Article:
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While I was writing a bit of CSS, a situation that I have never encountered before using the :nth-child(n) appeared and I was doubt of what is actually happening.

When I use pseudo classes, I write them without a space between the selector, like so:

div#wrap:hover {
    border-bottom: 2px solid orange;
}
/* OR */
div#wrap:nth-child(4) {
    border-bottom: 2px solid orange;
}

But it didn't work the way I expected, so I tried inserting a space between the selector and the pseudo class. Surprisingly, it worked:

div#wrap :nth-child(4) {
    border-bottom: 2px solid orange;
}

What is happening to make this work?

div#wrap :nth-child(4) {
  border-bottom: 2px solid orange;
}
<div id="wrap">
  <h1>Heading 1</h1>
  <p>This is a test!</p>
  <h2>Creating content</h2>
  <p>The next paragraph uses the <strong>.html</strong> method to create a new element.</p>
</div>

  • 1
    Consider this: if div#wrap:hover refers to div#wrap while it is hovered, then you would not expect the meaning of the selector to change dramatically simply by swapping out :hover for :nth-child() without making any other changes to the selector. To wit, div#wrap:nth-child(4) means div#wrap when it is the 4th child element. – BoltClock Aug 15 '15 at 22:35
5

You're misunderstanding the selector. It selects the element preceding .element:nth-child(n) which is the nth child of its parent.

When there is no selector preceding, it defaults to *:nth-child(n)

Because you probably only want to apply this to direct descendants and not every element which is the fourth child of its parent and a descendant of the parent, I would use .element > *:nth-child(n) to only apply to direct descendants.

div#wrap > *:nth-child(4) {
  border-bottom: 2px solid orange;
}

div#wrap > *:nth-child(4) {
  border-bottom: 2px solid orange;
}
<div id="wrap">
  <h1>Heading 1</h1>
  <p>This is a test!</p>
  <h2>Creating content</h2>
  <p>The next paragraph uses the <strong>.html</strong> method to create a new element.</p>
</div>

If you wanted to be more specific and only select the fourth child if it is a <p> element, you can use .element > p:nth-child(n). This will select all <p> elements that are the fourth direct descendant of elements matching the div#wrap selector.

div#wrap > p:nth-child(4) {
  border-bottom: 2px solid orange;
}

div#wrap > p:nth-child(4) {
  border-bottom: 2px solid orange;
}
<div id="wrap">
  <h1>Heading 1</h1>
  <p>This is a test!</p>
  <h2>Creating content</h2>
  <p>The next paragraph uses the <strong>.html</strong> method to create a new element.</p>
</div>

If you want to select the second <p> element directly descending from each div#wrap, you can use .element > p:nth-of-type(n) like so:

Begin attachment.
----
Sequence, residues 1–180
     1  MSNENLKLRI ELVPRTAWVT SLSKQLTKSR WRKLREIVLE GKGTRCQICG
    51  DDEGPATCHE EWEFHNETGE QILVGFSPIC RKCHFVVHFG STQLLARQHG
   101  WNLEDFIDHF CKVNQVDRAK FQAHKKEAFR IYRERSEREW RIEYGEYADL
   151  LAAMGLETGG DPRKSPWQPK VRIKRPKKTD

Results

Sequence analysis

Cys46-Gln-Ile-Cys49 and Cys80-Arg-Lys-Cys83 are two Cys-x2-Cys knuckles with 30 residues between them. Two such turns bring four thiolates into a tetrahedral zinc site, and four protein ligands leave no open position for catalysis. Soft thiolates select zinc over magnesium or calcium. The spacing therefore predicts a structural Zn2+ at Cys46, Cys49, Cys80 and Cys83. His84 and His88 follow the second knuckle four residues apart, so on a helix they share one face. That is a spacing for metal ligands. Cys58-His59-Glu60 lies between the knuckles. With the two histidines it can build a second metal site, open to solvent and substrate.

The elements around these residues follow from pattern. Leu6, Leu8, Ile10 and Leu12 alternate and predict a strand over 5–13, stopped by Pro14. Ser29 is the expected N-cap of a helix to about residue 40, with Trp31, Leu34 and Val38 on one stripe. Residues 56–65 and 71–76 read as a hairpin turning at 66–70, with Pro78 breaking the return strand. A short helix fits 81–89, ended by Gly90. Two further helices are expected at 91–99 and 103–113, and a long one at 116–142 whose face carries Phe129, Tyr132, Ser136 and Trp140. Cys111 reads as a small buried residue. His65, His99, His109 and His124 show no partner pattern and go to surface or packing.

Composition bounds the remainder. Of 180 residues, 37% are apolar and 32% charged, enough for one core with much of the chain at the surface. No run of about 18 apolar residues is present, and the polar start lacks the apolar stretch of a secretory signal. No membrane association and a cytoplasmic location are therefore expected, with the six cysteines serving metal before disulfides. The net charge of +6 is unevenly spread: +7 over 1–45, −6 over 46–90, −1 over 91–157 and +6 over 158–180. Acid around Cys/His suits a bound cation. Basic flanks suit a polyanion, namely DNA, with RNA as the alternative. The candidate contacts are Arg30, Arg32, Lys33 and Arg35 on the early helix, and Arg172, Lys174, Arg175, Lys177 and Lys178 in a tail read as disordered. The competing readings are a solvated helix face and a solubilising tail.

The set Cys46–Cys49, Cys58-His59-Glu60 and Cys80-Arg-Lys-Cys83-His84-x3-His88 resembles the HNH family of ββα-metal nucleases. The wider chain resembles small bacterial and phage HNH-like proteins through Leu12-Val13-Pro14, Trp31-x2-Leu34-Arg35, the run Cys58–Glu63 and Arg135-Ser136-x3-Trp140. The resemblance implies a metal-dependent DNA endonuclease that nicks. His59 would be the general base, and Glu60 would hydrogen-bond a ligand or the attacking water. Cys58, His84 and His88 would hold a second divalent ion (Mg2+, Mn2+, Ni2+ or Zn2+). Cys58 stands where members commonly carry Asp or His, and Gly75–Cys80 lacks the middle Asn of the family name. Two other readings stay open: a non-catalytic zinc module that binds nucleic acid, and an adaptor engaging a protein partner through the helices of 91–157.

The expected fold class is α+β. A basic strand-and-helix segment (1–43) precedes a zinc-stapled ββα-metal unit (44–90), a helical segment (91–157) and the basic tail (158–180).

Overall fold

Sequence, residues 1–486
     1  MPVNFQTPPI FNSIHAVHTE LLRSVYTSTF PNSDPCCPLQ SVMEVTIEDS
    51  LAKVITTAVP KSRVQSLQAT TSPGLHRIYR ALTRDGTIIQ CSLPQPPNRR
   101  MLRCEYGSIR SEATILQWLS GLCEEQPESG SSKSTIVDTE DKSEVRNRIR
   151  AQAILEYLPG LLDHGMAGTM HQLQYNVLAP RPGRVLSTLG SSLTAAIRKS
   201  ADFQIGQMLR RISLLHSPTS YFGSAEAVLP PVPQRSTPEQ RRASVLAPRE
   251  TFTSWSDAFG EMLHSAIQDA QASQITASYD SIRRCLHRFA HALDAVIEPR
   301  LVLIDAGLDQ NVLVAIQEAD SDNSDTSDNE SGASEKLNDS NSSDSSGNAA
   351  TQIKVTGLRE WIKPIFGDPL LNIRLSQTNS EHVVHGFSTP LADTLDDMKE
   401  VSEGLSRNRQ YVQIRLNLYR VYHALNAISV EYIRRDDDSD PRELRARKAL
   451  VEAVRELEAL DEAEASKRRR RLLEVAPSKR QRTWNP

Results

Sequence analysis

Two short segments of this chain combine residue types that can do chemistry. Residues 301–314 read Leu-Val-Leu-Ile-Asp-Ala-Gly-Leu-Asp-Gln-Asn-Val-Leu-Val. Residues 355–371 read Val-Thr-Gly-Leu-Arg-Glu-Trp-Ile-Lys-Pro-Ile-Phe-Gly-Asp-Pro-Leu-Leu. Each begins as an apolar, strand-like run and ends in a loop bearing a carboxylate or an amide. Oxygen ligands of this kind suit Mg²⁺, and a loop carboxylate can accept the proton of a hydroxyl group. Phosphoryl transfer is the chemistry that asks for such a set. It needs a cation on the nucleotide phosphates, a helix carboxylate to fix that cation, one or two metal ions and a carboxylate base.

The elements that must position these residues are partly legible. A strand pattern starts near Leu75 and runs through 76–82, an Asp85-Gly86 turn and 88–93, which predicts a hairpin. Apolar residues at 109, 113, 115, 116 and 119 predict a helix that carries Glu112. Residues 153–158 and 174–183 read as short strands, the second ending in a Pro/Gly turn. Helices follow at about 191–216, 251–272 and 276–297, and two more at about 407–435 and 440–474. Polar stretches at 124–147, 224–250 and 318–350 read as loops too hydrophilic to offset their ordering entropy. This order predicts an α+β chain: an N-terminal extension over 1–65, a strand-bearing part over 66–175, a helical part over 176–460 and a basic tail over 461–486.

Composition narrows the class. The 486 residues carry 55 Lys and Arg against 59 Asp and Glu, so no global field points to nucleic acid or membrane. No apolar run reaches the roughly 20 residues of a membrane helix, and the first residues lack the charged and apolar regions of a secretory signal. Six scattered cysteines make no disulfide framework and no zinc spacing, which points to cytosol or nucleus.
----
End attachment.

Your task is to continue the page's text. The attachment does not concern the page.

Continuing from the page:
div#wrap > p:nth-of-type(2) {
  border-bottom: 2px solid orange;
}

div#wrap > p:nth-of-type(2) {
  border-bottom: 2px solid orange;
}
<div id="wrap">
  <h1>Heading 1</h1>
  <p>This is a test!</p>
  <h2>Creating content</h2>
  <p>The next paragraph uses the <strong>.html</strong> method to create a new element.</p>
</div>

1

A space in a CSS selector means the next part is a descendant (not direct descendant) of what was previously selected.

tr td means a <td> inside a <tr>.
table td means a <td> inside a <table>.

In your case, the :nth-child() pseudo-class is applied after the <div> so it matches for the nth (4th...) child of that div. Had you removed the space, it would match a the 4th div with id "wrap" (which doesn't exist)

1

What does the space do?

Space before :nth-child(4) is equal to *:nth-child(4). * is a global CSS selector. So if any child element which is 4th in the list of elements of any parent, the CSS rules are applied to that element.

But using #wrap before the nth-child will limit the scope of the selection within the #wrap element.

Alternate Solution(Understanding how nth-child works):

You can also use: p:nth-child(4) which targets the paragraph element which is 4th with respect to the parent element which is #wrap.

:nth-child will select irrespective of whatever the element is, or what the sibling elements are. You will need to use :nth-of-type to differentiate.

* {
  font-family: Helvetica;
}
p:nth-child(4) {
  border-bottom: 2px solid orange;
}
p:nth-of-type(2) {
  background: lightblue;
  color: #fff;
}
<div id="wrap">
  <h1>Heading 1</h1>
  <p>This is a test!</p>
  <h2>Creating content</h2>
  <p>The next paragraph uses the <strong>.html</strong> method to create a new element.</p>
</div>

  • Right, however how come 'p:nth-child(4)' works in this case? Doesn't that mean that its selecting the 4th paragraph tag? (which does not exist) Thank you for your help. – csalmeida Aug 16 '15 at 0:26
  • 1
    No :nth-child will select irrespective of what the element is, or what the sibling elements are. You will need to use nth-of-type to differentiate. Check my updated code. – Manoj Kumar Aug 16 '15 at 6:42
  • Now I get it! Thank you for your help. – csalmeida Aug 16 '15 at 13:29
  • You are welcome! :) – Manoj Kumar Aug 16 '15 at 15:19

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